Surprisingly, the local administration did not wake up in time and allowed Muslims to offer Eid namaaz on the main road. This led to deterioration in the situation. BJP MP from Jodhpur and Union Jalshakti Minister Gajendra Singh Shekhawat said, the administration had given a free hand to the Muslim community and this rouses suspicion about whether the clashes took place intentionally. The worst-hit was the Sunar Mohalla (goldsmiths’ locality), where the Union Minister met the affected families, despite resistance from local police. Hindus in the locality started reciting Hanuman Chalisa in front of police and demanded immediate action against rioters.
After overnight violence, when Muslims assembled for morning Eid prayers there was palpable tension in the Jalori Gate locality. The prayer was over peacefully, but soon after people started stoning. Police personnel deployed at the spot looked helpless. Several dozen vehicles were smashed by rioters. 
Police then resorted to lathi-charge and firing of tear gas shells, and later curfew was enforced till Wednesday night. During the melee, several thousand shoes and sandals lay scattered in the area. Soon after violence spread in the densely populated lanes and bylanes. The rioters smashed vehicles, ATM machines, and the glass windows of shops. Even children and women were targeted.
In Kabutar Chowk locality, the mob beat up a five-year-old girl. Local Hindus were outraged and said that they were shocked to see their Muslim brethren indulging in violence. CCTV videos clearly showed a mob carrying swords, stones, and lathis attacking motorbikers. One rioter threw a sword at a youth driving a bike.
After the imposition of the curfew, dozens of Muslims took shelter in the Jalam Bawdi mosque in the Jalori Gate locality.  Later police helped them to return to their homes. While BJP leaders blamed the Congress government in Rajasthan for communal violence, Congress spokesman Randeep Surjewala blamed BJP leaders for fomenting violence. He said, BJP is planning to incite communal riots in MP and Chhattisgarh took, which will go to the polls next year.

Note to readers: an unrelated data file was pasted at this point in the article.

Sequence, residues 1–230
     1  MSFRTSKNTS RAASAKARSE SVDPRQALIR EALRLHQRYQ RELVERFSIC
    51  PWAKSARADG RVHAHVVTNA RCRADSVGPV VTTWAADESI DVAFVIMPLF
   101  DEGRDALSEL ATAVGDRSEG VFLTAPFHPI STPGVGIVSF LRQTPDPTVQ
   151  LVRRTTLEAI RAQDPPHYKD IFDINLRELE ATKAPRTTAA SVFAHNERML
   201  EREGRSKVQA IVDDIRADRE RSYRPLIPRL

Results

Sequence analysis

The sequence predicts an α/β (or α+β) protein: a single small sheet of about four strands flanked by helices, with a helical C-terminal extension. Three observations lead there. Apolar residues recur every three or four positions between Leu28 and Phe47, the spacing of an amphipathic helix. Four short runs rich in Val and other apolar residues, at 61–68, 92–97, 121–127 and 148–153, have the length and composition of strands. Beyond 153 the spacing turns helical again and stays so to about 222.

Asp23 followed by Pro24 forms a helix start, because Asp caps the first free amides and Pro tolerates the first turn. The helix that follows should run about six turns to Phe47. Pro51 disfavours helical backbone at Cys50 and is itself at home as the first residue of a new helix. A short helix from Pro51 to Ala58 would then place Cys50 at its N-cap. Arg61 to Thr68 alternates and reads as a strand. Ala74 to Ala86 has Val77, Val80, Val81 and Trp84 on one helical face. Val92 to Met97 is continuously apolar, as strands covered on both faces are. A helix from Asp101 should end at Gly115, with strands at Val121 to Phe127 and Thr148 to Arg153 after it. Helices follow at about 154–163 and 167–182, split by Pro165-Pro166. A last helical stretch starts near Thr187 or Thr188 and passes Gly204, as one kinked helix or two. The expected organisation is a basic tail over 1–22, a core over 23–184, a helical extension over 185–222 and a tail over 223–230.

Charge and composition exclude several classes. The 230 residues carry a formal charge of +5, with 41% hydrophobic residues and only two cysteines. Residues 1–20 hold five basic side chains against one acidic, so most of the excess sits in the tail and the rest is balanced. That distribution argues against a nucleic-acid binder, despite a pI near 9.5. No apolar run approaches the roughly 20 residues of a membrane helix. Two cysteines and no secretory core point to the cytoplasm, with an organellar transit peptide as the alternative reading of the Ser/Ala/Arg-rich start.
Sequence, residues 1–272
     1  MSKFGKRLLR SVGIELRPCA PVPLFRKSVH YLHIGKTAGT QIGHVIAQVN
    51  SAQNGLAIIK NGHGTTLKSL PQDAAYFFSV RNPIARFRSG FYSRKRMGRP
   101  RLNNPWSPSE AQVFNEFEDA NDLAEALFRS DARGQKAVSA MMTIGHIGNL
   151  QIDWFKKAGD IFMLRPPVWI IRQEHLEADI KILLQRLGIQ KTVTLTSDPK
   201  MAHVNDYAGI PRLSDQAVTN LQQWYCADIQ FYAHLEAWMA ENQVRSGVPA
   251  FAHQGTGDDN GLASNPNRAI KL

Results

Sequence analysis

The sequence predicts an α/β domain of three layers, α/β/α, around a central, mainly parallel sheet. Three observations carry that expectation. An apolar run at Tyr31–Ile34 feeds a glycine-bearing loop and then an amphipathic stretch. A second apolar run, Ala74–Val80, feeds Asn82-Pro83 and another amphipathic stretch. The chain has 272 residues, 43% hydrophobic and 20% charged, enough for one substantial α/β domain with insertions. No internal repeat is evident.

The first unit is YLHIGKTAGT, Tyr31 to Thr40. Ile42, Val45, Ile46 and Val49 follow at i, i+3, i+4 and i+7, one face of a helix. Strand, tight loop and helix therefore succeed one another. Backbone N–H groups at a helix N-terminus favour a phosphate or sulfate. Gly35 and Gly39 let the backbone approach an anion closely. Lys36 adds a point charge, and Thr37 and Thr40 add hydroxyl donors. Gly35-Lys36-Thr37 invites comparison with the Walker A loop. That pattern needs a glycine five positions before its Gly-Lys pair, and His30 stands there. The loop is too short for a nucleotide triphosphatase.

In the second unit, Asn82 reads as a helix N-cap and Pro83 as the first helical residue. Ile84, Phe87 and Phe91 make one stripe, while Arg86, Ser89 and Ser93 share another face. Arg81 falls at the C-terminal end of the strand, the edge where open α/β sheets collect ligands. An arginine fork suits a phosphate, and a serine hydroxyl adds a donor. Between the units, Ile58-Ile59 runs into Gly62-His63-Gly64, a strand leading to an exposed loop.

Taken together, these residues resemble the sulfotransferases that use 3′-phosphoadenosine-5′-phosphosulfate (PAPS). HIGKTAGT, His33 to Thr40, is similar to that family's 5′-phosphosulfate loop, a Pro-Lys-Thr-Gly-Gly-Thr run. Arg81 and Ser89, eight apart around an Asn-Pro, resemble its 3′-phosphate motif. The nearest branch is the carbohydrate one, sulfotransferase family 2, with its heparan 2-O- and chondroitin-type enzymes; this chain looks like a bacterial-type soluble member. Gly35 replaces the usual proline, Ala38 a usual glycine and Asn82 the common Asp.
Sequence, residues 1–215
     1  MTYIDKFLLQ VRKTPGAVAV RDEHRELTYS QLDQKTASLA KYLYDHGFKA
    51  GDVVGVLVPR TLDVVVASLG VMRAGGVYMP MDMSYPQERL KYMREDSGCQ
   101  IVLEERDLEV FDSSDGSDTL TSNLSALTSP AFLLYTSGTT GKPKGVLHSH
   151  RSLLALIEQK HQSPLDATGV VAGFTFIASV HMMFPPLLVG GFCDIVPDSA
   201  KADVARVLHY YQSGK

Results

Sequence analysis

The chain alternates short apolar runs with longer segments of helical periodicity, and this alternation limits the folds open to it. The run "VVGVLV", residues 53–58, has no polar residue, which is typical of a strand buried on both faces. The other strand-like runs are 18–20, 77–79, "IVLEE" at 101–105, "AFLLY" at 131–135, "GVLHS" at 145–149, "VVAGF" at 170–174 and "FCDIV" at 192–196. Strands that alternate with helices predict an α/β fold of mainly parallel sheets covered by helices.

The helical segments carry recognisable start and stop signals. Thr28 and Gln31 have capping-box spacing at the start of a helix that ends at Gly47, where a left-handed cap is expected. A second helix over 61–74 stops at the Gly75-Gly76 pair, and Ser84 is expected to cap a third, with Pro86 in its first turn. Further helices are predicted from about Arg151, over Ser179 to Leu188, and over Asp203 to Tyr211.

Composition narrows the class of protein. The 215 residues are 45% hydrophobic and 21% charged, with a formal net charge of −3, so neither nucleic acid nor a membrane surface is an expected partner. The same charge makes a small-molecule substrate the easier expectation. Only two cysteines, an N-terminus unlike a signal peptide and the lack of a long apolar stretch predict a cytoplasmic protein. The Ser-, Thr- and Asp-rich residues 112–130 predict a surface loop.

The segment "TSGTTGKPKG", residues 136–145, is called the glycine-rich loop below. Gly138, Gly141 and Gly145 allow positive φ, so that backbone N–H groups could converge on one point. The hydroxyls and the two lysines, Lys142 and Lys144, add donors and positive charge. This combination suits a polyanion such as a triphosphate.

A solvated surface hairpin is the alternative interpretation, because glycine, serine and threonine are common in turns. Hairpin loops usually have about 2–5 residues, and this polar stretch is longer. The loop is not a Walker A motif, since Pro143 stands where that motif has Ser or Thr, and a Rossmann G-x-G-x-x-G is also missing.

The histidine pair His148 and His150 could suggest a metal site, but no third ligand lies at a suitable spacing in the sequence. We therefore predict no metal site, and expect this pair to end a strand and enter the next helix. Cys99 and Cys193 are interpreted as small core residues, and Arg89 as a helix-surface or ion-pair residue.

The Congress is in power in Rajasthan and Surjewala cannot just go away by making a political statement. If BJP had planned the violence, the question arises: Why is the Rajasthan Police not arresting BJP workers and leaders? Who has stopped the state police?
On the other hand, Chief Minister Ashok Gehlot understands this sensitive issue. He did not make any political remarks but took senior police and district officials to task. Clashes between two groups may take place at any time, but if clashes take place at night, and in the morning, stones and acid bottles were thrown, the question arises: What was the local administration doing through the night? Why didn’t the administration keep track of preparations being made by rioters?
Rajasthan is in focus because this is the second communal clash in the last month. On April 2, during the Ramnavami festival, there was violence in Karauli and the state police chief remarked that objectionable DJ songs were being played during the Ramnavami procession, there were provocative slogans and this resulted in violence. To link all issues with elections is not the right step. Questions are being asked about why the administration allowed Eid prayers on an open road, hours after clashes took place at night. There is no cogent answer till now.